Vampire bats use infrared sensors to help them find veins when hunting their prey, according to new research.
A nerve channel sensitive to heat on the bats' faces enables them to detect infrared radiation given off by warm-blooded animals, and use the information to detect "hot spots" on their bodies where veins are close to the surface.
In other bats this channel is "tuned" to temperatures above 43C but in vampire bats it activates at 30C, meaning it can detect infrared radiation, according to a study in the Nature journal.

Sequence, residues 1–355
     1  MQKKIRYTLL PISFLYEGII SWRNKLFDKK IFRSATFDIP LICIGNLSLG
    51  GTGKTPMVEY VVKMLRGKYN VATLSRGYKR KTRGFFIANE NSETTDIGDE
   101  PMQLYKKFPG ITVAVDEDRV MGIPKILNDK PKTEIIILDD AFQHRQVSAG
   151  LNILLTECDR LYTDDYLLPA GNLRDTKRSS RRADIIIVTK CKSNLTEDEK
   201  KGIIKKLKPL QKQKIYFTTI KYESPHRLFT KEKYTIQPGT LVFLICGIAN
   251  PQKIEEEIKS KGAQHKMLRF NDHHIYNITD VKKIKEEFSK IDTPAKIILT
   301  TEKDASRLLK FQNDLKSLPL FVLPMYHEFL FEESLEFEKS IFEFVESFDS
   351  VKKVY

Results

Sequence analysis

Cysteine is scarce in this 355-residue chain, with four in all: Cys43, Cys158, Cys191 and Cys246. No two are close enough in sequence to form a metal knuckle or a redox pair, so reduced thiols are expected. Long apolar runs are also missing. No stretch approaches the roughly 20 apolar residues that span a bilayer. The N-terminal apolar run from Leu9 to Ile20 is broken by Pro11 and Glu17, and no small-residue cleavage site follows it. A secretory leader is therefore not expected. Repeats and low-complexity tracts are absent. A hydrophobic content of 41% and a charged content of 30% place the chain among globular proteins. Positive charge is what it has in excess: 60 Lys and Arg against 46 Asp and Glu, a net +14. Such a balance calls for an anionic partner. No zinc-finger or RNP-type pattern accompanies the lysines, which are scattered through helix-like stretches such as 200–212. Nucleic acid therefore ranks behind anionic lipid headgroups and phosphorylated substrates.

They are the only known vertebrates apart from three species of snake – pythons, boas and pit vipers – which have this capability.
Humans have similar molecules on nerve fibres in their tongues, skin and eyes which sense pain when they come into contact with capsaicin, a chemical in chilli peppers.
But vampire bats have evolved to turn the nerves into a sensor for heat rather than pain.
Dr David Julius, one of the researchers from the University of California, San Francisco, said: "Vampire bats feed on blood, and it's useful for them to have an infrared detector to be able to find the circulation."
They use their special sense to find the best spot to bite before releasing chemicals into the wound to prevent the blood from clotting, and drinking it with the help of grooves on their tongues.